Have you ever had someone take your punishment for you? Probably not. If you were caught cheating on an exam in school, I doubt that a classmate would rush to your side and say, “I’ll gladly take the F for him.” If you broke the speed limit and got stopped by a policeman, I doubt that some passerby would walk up and tell the officer, “I’d like to pay that ticket myself.”
People generally don’t volunteer to take someone else’s punishment. But that’s exactly what happened to Little Jim.
Little Jim was a student in a one-room schoolhouse in Virginia. The boys in the class were known for being rude and unruly—so much so that teachers never stayed very long. One day another new teacher arrived. But this teacher came with a plan. He asked the boys to make their own set of rules. Each gave his ideas, and the teacher wrote them on the chalkboard.
Then the teacher asked, “What should be the punishment if one of you breaks a rule?”
The boys were quick to decide: ten lashes across the back with a switch—and with no coat on (whipping was a common punishment for misbehavior in school back then).
Unfortunately, the boys’ good behavior didn’t last long. Just a few days later, someone stole Big Tom’s lunch, and stealing was against their rules. The teacher soon discovered that Little Jim had stolen the lunch because he was hungry and didn’t have his own. But rules are rules, and the teacher told him to come up front and take off his coat.
The class gasped when Little Jim reluctantly removed his coat. He was so poor that he didn’t even own a shirt. Now his bony back was bared to the whole room.
But Big Tom couldn’t stand to see a kid as skinny as Little Jim take a beating, so he jumped up and shouted, “I’ll take his whipping for him!” The teacher agreed. So Tom bared his own strong back, hunched himself over Jim’s frail body, and took the beating in Jim’s place.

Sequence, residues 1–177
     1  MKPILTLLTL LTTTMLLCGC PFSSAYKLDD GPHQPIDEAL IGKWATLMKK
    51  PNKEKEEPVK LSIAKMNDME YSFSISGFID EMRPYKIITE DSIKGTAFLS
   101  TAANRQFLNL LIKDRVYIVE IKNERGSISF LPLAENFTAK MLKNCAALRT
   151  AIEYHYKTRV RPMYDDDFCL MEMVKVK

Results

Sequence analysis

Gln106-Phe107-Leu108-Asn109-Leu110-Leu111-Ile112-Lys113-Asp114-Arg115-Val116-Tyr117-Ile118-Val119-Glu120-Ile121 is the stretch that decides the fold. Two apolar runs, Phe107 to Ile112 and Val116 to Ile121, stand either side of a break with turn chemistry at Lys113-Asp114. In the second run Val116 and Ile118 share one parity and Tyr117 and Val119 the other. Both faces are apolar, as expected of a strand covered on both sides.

Afterward, Jim wrapped his arms around Tom’s neck and cried, “I’m sorry I stole your lunch. It’s just that I was so hungry! Thank you for taking my beating for me.”
You and I can experience the same sense of relief that Little Jim did. Jesus, the Son of God, sacrificed Himself in our place when He died on the cross. He became the once-and-for-all fully sufficient sacrifice for our sins.
Old Testament sin offerings
Imagine yourself living during Old Testament times, and one day you committed a serious sin. What would you have had to do to obtain forgiveness? Back then, Jesus had not yet died for our sins, but God wanted the people to understand that sin has a consequence: death. Sin cost Jesus His life! But how could God teach the people that idea? That’s why He instituted a sacrificial system that was part of their regular temple routine.
There were two types of animal sacrifices that the priests offered every day. The first actually consisted of two sacrifices—one that was offered each morning and the other each evening. These sacrifices were offered on behalf of all Israel.
Then there were individual sacrifices. Here’s how God explained it to Moses in Leviticus 4:27–29: “If a member of the community sins unintentionally and does what is forbidden in any of the LORD’s commands, he is guilty. When he is made aware of the sin he committed, he must bring as his offering for the sin he committed a female goat without defect. He is to lay his hand on the head of the sin offering and slaughter it at the place of the burnt offering.”
Picture what it would have been like to commit a sin back then. Instantly you’d realize that you’d have to take an innocent animal’s life (usually a sheep or goat). You’d have to bring the animal to the sanctuary. You’d have to personally cut the throat of that innocent victim and watch it bleed to death. Then the priest would sprinkle some of the blood on the altar, and you would be forgiven.
Why did God institute this ceremony? Because He knew that the Israelites needed to understand that He took their sins very seriously. At the same time, He knew that they needed a symbol to show they had been forgiven.